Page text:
Monday, February 3, 2014

What the Real Medical Experts on Marijuana Say About Legalization

Are there real experts on the health and mental health effects of marijuana or addiction that we can trust? Does anyone have the most credibility of all professions? Think about it. Who would this be? Well of course, it would be doctors--medical doctors who have no ax to grind, but who treat marijuana addicts and other addicts of drug addiction day in and day out. We should believe them more than the research sponsored and paid for drug abuse advocacy groups. Indeed, the experts would be those educated medical professionals who see the truth everyday in the clinical setting. These are the medical doctors of the American Society on Addiction Medicine. Here is what they say collectively on the topic of legalization of marijuana, but you are not likely to hear this on the news.

The American Society of Addiction Medicine’s (ASAM) public policy statement on “Medical Marijuana,” clearly rejects smoking as a means of drug delivery. ASAM further recommends that “all cannabis, cannabis-based products and cannabis delivery devices should be subject to the same standards applicable to all other prescription medication and medical devices, and should not be distributed or otherwise provided to patients …” without FDA approval. ASAM also “discourages state interference in the federal medication approval process.” ASAM continues to support these policies, and has also stated that they do not “support proposals to legalize marijuana anywhere in the United States.”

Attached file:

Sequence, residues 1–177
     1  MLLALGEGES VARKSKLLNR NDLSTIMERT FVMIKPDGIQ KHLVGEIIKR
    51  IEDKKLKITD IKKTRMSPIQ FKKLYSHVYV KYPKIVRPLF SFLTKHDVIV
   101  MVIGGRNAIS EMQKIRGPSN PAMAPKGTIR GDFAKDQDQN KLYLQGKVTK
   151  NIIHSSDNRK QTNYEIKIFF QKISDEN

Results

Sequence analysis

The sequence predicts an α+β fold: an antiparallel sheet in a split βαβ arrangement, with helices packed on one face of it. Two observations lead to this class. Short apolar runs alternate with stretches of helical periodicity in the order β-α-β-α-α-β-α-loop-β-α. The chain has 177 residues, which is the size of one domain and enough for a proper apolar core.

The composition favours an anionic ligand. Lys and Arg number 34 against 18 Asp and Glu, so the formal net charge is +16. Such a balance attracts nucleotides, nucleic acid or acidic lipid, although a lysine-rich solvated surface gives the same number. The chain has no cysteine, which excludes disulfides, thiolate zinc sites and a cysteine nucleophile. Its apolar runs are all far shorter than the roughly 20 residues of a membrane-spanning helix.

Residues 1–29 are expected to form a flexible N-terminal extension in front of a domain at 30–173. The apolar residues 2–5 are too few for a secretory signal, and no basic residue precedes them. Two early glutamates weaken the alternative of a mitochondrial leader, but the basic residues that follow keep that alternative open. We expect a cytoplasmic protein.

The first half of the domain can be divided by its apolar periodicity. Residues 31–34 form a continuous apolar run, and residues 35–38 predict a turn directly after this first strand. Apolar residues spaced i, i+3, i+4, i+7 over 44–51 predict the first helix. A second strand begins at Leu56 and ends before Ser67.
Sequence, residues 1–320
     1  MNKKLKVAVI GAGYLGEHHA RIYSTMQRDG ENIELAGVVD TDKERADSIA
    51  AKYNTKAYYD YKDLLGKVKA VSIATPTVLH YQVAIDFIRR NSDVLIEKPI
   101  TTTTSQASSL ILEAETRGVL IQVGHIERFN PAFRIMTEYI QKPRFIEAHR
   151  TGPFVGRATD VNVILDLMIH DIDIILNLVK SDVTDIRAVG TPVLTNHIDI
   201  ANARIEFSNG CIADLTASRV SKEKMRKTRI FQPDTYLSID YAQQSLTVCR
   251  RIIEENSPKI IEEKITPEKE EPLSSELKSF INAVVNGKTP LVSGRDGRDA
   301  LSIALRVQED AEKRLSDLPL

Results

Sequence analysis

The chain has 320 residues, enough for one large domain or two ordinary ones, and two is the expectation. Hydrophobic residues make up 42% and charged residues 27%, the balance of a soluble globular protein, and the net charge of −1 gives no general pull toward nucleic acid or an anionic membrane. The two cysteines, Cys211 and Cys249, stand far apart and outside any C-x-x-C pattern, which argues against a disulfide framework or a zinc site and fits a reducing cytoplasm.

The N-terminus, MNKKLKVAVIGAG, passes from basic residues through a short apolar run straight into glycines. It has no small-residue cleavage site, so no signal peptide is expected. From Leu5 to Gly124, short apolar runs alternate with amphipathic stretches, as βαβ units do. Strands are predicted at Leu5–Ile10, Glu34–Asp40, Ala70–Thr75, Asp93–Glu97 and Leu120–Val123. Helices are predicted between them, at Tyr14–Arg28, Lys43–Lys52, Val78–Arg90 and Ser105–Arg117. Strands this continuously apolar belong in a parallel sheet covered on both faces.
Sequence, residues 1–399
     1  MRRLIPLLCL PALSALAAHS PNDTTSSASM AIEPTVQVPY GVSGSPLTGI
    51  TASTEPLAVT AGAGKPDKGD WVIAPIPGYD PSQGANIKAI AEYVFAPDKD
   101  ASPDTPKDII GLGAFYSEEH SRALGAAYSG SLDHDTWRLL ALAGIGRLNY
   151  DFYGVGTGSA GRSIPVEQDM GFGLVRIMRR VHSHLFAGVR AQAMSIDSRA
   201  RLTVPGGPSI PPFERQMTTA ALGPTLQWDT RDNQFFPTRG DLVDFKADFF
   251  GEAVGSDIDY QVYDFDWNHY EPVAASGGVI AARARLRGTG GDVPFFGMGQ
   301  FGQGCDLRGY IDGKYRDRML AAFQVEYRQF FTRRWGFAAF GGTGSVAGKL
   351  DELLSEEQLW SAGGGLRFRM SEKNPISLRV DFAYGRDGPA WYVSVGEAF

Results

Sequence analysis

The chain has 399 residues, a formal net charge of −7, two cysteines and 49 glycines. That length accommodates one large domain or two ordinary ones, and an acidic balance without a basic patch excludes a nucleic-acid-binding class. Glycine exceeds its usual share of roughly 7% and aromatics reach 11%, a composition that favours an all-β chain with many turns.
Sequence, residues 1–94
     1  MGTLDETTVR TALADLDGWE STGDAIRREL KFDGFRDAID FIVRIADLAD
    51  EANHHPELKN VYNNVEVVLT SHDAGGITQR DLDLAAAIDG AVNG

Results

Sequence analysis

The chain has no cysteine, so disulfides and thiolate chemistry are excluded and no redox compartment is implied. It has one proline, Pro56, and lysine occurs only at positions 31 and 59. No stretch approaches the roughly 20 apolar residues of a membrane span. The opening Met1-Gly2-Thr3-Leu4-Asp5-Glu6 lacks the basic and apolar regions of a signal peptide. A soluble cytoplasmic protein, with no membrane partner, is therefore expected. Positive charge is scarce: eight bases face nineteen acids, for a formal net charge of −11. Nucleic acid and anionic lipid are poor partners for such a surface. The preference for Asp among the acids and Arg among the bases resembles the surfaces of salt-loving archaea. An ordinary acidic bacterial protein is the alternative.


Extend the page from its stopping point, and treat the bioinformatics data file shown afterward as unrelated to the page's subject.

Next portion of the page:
Now you know what to point to and what group of educated professionals who are the real experts say. Well, if I am wrong, I can confidently say it is not the National Organization for the Reform of Marijuana Laws (NORML).

Sunday, February 2, 2014

Eyes Wide Open: Hold Managed Care Accountable in 2014!

Managed care companies are under siege financially. Their profits are down. There will be consolidation this year in 2014 and you will potentially see them cut back, cheapen, and/or provide fewer services. They'll be less helpful in going above and beyond the call of duty, and you may see lousier service than ever so they can save money. Learn more about what's ahead from the experts in the managed care industry  from this update and recording that follows. Most importantly, hold managed care faux-EAPs.

Monday, January 27, 2014

EAPs: Counseling While Rome Burns